For your convenience, we offer e-bill express if you would like to make a payment online. Thank you.

Forge Trust 3rd Quarter statements are now available online.

Forge Trust

For your convenience, we offer e-bill express if you would like to make a payment online. Thank you.

Forge Trust 3rd Quarter statements are now available online.

For your convenience, we offer e-bill express if you would like to make a payment online. Thank you.

Forge Trust 3rd Quarter statements are now available online.

Private Equity IRA

An attractive asset for accredited investors

Private equity refers to an investment in a private company – a company not currently listed on a publicly traded financial exchange. Accredited investors can choose to use IRA funds to invest in private equity as part of a long-term investment strategy. Your IRA can acquire private equity either through a fund or direct investment in a private company.

Funds for investing in private equity may include private equity funds, venture capital funds and funds of funds.

Startups and growing companies may offer shares of stock directly through private markets to raise capital for company growth or expansion. Additionally, employees of private companies may wish to sell their private shares to meet personal liquidity needs.

It is important to reiterate that private company stock is not liquid and should be considered part of the IRA account owner’s long-term investment strategy.

As with any security, the IRA investor should perform due diligence on the company, its business, its management and current company valuations before directing an IRA investment.

Private placements

In a private placement an issuer sells private equity or debt to a select group of private investors. Examples of private placement opportunities include private stock, warrants, bonds or membership/partnership interests offered by a privately held company usually to raise additional operating capital. These investments offer the potential for higher returns but with greater risk.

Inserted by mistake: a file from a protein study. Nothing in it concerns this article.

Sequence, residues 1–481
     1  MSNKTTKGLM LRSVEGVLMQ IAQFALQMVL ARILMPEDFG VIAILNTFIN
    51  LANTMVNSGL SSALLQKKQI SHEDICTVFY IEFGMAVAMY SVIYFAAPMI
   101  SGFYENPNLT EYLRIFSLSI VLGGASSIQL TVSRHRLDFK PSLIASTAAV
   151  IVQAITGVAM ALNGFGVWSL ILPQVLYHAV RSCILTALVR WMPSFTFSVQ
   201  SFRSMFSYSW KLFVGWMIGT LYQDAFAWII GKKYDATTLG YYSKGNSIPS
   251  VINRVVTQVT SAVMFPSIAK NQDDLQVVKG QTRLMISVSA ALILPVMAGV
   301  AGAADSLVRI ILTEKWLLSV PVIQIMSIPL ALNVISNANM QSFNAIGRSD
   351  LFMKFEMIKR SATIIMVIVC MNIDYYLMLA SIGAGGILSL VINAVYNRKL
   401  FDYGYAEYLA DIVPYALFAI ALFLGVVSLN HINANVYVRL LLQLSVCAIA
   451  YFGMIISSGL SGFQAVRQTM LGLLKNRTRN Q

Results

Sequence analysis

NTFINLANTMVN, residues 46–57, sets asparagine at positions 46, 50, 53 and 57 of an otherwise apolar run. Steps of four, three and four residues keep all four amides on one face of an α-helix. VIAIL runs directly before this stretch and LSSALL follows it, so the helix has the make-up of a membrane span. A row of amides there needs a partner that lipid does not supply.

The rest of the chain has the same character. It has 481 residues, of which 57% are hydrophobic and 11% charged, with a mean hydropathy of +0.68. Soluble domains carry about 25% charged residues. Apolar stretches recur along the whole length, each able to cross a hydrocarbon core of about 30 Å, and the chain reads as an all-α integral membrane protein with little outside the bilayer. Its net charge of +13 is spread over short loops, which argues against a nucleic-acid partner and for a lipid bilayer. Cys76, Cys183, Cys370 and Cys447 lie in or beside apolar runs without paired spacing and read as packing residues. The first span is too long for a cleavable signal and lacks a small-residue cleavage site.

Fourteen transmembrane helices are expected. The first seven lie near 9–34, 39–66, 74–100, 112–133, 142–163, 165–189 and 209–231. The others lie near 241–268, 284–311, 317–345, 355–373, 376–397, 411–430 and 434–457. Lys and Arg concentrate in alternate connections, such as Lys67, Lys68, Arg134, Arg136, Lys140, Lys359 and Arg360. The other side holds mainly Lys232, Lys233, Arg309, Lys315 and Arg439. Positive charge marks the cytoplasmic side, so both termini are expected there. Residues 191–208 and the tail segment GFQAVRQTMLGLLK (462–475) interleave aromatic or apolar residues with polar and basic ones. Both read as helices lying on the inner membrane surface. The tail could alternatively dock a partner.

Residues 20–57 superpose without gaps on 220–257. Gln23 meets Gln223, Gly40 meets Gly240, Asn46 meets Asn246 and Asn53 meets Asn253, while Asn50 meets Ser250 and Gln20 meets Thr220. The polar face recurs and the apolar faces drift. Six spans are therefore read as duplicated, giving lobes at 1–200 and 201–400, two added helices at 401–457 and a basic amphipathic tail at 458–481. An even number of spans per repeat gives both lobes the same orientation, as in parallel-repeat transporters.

Types of private placements

Individual Retirement accounts may be used to invest in several different types of private placements. Forge Trust handles everything from small enterprise to billion dollar private equity investments.

Private placement investments include:

  • Start-ups
  • Hedge Funds
  • Offshore Funds
  • Fund of Funds
  • Limited Liability Companies (LLC)
  • Limited Partnerships (LP)
  • Private Equity
  • Equity Crowdfunding
  • Real estate investment trusts (REITS)
  • Exchange Traded Funds (ETFs)
  • Convertible Notes

When considering private placements as a potential IRA investment, keep the prohibited transaction rules in mind. If you or a disqualified person owns 50% or more of a privately held company, investing may be considered a prohibited transaction.

Before you invest, it is important to obtain all the information that you need to make an informed investment decision.

Investors should closely review all investment-related documentation including the entity’s operating agreement, private placement memorandum and subscription agreement to better understand the terms, conditions and possible future financial commitments associated with this type of investment.

What’s Prohibited?

An IRA account owner MAY NOT use IRA funds to invest directly in a private company if the account holder is:

  • An owner with 50 percent or more interest
  • An officer or director of the company
  • A highly compensated employee
  • An owner of 10 percent or more of company stock